Essay: “Through the Vortex of a Cyclone”, William Hope Hodgson, 1909.
Back before William Hope Hodgson took up writing, he tried to make his money at other things after leaving the mercantile navy: running a gym and being a sort of personal trainer and giving photographic lectures.
Hodgson was one of the first people to take a camera to sea (as well as a typewriter) and he got some spectacular shots. Two, of stalk lightning (which ascends to the sky unlike the usual lightning) and the Aurora Borealis, were even purchased by the Meteorological Office of the Air Ministry from Hodgson’s widow.
This is the text of one of those lectures. Jane Frank’s compilation of rare Hodgson material, The Wandering Soul: Glimpses of a Life, Compendium of Rare and Unpublished Works actually has the photos Hodgson used.
Hodgson really did sail on a ship through a cyclone, and this is his account told like a thrilling story. It was published in Hodgson’s 1914 collection Men of the Deep Waters, but the lecture was given first in 1909. If the reproduction of the collection in The Complete Works of William Hope Hodgson is accurate, Hodgson doesn’t seem to have indicated it was a lecture about a real event. It reads like another of his stories.
It’s a powerful and evocative account of being in a hurricane. Interest is added by the Mate’s warning the captain, a warning ignored, that a hurricane is about to descend on the ship. (The Captain trusts to his barometer which shows no movement.)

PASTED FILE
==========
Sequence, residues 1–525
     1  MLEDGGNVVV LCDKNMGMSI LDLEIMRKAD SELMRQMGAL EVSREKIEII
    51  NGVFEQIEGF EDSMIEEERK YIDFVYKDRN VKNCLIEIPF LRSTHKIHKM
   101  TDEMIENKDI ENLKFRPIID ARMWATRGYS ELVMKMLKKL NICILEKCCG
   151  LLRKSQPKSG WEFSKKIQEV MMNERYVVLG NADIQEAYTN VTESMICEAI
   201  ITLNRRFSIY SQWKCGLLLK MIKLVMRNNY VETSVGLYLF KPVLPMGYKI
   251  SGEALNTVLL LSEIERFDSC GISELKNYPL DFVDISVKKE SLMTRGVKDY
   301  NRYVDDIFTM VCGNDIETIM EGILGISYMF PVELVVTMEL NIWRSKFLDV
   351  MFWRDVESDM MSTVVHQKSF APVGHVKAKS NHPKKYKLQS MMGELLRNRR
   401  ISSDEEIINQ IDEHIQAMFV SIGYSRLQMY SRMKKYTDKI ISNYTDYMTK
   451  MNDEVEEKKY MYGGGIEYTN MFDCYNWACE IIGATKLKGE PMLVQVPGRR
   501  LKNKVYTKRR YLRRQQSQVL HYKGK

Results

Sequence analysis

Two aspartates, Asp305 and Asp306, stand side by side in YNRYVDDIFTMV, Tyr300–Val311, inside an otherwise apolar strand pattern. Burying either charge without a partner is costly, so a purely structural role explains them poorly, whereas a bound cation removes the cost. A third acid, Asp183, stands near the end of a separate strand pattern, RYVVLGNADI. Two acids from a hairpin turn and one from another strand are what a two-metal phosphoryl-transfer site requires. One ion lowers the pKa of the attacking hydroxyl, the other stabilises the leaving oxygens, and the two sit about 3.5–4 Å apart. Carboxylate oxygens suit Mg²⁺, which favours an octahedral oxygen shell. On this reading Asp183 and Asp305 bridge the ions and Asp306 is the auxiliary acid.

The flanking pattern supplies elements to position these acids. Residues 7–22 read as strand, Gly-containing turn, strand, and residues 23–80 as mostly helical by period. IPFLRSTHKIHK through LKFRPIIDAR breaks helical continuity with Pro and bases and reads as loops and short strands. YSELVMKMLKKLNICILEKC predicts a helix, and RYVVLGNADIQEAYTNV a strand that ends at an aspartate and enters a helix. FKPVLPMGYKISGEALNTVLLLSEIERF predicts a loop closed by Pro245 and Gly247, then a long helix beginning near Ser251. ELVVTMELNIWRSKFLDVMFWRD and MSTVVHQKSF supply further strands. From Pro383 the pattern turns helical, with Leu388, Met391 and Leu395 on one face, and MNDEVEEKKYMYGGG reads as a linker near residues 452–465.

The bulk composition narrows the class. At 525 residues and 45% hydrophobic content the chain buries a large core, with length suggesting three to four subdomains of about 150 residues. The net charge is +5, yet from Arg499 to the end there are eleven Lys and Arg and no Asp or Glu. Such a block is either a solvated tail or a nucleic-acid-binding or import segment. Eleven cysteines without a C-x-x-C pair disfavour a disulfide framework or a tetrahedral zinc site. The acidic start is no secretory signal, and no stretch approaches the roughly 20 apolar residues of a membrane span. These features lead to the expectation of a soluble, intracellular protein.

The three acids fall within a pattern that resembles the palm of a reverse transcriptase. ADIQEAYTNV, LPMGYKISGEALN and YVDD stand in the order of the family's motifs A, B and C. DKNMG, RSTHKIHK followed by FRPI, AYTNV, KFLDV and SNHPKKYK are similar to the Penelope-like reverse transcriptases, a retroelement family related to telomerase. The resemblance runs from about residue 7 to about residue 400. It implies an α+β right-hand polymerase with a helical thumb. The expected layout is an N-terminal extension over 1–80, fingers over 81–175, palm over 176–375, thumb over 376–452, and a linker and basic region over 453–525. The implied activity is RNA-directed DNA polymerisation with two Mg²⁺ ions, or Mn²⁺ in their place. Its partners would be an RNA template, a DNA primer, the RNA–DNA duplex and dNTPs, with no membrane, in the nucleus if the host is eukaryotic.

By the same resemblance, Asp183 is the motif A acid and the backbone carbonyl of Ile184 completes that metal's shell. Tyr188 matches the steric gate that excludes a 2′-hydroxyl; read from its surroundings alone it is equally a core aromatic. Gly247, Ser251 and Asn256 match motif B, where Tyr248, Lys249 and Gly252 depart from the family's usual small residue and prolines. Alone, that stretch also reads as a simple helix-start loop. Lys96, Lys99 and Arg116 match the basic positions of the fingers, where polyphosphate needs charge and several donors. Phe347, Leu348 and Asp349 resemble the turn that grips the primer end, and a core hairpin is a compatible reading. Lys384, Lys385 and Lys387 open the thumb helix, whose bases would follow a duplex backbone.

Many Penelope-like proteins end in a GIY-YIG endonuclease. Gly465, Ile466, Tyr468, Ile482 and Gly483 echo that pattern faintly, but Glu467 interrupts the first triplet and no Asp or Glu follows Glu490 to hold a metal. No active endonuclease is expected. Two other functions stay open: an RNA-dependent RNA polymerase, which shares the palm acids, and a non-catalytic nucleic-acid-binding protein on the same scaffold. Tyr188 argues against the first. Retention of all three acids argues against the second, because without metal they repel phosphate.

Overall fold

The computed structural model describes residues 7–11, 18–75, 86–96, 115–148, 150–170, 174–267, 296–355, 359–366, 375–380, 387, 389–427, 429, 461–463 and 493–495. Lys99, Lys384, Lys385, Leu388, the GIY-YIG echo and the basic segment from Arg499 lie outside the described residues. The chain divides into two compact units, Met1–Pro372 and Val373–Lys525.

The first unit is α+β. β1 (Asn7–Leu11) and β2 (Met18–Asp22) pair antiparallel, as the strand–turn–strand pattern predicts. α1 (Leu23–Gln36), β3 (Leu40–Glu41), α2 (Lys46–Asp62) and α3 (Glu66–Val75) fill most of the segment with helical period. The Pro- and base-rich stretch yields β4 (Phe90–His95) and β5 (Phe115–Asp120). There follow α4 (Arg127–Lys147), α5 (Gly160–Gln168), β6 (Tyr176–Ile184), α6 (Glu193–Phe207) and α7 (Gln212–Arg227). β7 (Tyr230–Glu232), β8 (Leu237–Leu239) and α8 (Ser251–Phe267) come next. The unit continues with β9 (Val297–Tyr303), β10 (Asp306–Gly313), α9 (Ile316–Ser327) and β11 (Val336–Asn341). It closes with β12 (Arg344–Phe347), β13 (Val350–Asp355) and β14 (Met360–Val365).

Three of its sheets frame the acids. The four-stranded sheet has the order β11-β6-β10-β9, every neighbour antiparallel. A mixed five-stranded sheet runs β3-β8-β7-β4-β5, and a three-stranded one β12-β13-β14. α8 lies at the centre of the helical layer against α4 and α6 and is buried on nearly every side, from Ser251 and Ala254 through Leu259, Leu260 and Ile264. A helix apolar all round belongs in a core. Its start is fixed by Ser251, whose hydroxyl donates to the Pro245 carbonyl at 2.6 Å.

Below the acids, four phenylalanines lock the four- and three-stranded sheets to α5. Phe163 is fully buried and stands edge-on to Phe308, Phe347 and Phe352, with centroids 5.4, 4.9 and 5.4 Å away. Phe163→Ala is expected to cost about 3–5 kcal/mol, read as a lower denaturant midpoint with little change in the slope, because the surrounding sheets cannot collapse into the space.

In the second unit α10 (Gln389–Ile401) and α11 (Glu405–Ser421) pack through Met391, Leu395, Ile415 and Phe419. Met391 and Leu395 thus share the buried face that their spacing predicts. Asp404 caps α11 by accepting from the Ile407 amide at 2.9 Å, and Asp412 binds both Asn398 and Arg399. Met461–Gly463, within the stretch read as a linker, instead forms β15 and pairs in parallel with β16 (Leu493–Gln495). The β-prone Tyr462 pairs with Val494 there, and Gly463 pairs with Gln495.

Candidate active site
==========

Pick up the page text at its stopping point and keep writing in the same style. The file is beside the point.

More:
The Mate says things to the narrator like in eight hours they’ll be at the bottom of the sea. Hodgson tries to photograph their experience.
Hodgson, as in his stories, impresses us with the sonic qualify of the experience, the deafening roar of the wind.
He even talks about trying to photograph stalk lightning:
This photograph, as I discovered when I came to develop the negative, has not, I regret to say, taken regard of a strange, indefinable dull-red glare that lit up the horizon at the same time; but, as it is, it remains to me a treasured record of a form of electrical phenomenon but seldom seen, even by those whose good, or ill, fortune has allowed them to come face to face with a Cyclonic Storm. Before leaving this incident, I would once more impress upon the reader that this strange lightning was not descending from the atmosphere; but rising from the sea.
The story’s final paragraph:
About seven bells that second night, a big steamer crossed our stern, and slowed down to ask us if we were in need of help; for, even by moonlight, it was easy to see our dismantled condition. This offer, however, the Captain refused; and with many good wishes, the big vessel swung off into the moon-wake, and so, presently, we were left alone in the quiet night; safe at last, and rich in a completed experience.